The institutional language of engagement has been defined by its measurement. Chief engagement officers in corporations are measuring milliseconds on web pages, and clicks on ads, and not relations among people. This is disproportionately influencing the values of democracy and the responsibility of public institutions to protect them.
Too often, when government talks about engagement, it is talking those things that are measurable, but it is providing mandates to employees imbued with ambiguity.
That’s Eric Gordon, writing about how civic engagement is understood and incentivized by city governments in the US. He goes on to argue that institutions of governance need to conceptualize civic engagement as more than market efficiency, and begin thinking towards a “relational approach” to civics in which “public institutions create value systems and metrics that support long-term relationship building in addition to short-term attention.”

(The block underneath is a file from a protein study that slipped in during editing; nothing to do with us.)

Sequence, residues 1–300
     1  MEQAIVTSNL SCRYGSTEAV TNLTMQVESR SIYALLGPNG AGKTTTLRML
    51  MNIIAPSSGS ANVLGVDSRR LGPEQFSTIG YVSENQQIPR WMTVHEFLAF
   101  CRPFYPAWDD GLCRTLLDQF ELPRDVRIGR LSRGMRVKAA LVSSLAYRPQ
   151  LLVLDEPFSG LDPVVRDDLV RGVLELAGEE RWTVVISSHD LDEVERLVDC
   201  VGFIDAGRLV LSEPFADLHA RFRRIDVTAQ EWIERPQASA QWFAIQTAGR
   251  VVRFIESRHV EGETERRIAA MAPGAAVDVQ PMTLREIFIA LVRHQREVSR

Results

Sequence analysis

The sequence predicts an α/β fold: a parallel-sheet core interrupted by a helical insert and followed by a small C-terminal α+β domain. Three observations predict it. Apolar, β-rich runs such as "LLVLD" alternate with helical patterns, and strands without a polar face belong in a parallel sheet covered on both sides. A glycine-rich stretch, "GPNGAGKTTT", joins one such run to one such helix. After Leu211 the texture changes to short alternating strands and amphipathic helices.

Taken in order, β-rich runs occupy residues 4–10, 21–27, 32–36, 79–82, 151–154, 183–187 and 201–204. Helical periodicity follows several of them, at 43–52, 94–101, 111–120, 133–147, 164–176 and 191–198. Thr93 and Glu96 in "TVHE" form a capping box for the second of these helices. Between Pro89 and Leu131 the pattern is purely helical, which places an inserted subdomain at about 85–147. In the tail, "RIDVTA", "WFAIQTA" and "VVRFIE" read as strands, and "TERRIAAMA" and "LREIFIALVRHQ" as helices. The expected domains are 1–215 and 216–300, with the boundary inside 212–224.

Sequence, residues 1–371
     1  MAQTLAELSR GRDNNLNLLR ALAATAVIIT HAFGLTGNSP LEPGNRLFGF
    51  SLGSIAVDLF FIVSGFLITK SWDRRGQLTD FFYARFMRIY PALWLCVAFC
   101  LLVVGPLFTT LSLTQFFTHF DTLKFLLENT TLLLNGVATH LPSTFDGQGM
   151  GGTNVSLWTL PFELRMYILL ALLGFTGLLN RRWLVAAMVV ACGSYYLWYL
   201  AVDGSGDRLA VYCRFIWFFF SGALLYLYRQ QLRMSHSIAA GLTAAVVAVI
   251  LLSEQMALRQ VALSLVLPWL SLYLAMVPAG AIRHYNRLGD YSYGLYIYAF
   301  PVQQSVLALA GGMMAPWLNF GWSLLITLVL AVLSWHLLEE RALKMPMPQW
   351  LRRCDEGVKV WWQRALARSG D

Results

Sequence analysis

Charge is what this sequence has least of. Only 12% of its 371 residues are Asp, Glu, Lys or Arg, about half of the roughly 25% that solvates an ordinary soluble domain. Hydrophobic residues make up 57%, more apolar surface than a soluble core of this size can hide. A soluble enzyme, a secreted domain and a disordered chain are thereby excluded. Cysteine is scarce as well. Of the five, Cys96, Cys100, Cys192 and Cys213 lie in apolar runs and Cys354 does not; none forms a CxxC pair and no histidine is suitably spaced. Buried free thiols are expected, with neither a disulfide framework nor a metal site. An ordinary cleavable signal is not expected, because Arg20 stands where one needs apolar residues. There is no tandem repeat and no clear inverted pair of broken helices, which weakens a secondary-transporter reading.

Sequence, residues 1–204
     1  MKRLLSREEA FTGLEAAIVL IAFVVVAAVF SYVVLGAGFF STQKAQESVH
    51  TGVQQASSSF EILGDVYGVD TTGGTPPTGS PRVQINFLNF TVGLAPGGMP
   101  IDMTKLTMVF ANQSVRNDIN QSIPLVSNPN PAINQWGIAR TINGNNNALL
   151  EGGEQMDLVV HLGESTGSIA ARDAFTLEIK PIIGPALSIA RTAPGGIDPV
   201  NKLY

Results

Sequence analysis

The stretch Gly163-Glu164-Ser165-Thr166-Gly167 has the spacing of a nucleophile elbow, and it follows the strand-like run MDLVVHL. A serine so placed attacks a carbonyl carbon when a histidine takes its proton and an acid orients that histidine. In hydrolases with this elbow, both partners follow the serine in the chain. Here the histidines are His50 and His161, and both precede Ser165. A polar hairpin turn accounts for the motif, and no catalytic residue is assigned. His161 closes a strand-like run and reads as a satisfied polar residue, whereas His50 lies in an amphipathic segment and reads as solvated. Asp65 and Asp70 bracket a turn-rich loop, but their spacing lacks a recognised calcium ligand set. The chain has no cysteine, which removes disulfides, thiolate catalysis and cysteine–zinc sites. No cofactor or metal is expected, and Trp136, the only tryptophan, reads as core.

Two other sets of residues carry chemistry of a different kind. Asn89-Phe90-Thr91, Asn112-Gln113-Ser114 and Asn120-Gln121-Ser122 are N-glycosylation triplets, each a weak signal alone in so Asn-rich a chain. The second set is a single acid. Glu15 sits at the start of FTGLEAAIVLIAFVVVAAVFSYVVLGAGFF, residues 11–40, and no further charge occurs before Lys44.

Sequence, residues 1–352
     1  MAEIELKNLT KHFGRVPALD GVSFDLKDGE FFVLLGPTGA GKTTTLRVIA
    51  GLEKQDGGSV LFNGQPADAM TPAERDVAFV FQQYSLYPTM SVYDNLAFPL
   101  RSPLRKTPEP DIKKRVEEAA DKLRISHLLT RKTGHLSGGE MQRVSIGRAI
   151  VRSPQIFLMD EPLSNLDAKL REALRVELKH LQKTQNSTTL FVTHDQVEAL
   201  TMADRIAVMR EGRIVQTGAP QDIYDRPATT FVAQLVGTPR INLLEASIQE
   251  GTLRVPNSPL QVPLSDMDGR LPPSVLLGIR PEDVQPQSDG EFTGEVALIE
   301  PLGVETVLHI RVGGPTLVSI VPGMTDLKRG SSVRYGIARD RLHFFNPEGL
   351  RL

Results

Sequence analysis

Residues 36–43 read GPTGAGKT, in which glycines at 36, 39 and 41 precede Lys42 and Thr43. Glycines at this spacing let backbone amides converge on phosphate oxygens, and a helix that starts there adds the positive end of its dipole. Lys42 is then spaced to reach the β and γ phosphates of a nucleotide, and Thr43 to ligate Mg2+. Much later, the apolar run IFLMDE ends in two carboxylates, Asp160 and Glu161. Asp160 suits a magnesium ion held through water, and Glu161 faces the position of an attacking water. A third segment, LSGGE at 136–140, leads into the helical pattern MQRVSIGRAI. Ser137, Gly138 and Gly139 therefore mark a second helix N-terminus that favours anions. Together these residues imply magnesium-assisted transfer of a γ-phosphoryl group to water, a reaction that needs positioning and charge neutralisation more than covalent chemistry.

Gordon contextualizes his argument in terms to the US presidential election, and how to pick up the pieces of America’s civic contract that will be scattered in it’s wake. He also makes a passing reference to a technological shift which I think is pretty central to understanding his argument and its implications.
Digital media has exploded the menu of civic engagement far beyond voting, campaign volunteering and buying fair trade coffee. Novel forms of civic engagement (from online consultations and participatory platforms, to slacktivism and complaint mechanisms) force new forms of interaction between civics-minded people and their governing institutions. And yes, the latter have only just begun to see it on the horizon.
The importance of measurement as a limiting factor is also key here, in the academy and in government alike. Scholars are actively struggling to detangle the concepts of civic engagement, political participation and citizenship, both from each other and from everything those concepts imply in a digital media landscape.
This is essentially a problem of metrics and definitions, and it’s key to the contribution research can make to government practice. When we figure out how to identify and assess the novel ways in which tech facilitates relationships and exchanges between people and governing institutions, we’ll also know more about how and when it adds value (see my recent post on civic interaction). We’ll also be able to help governments measure (and thus pursue) more meaningful engagement than web visits.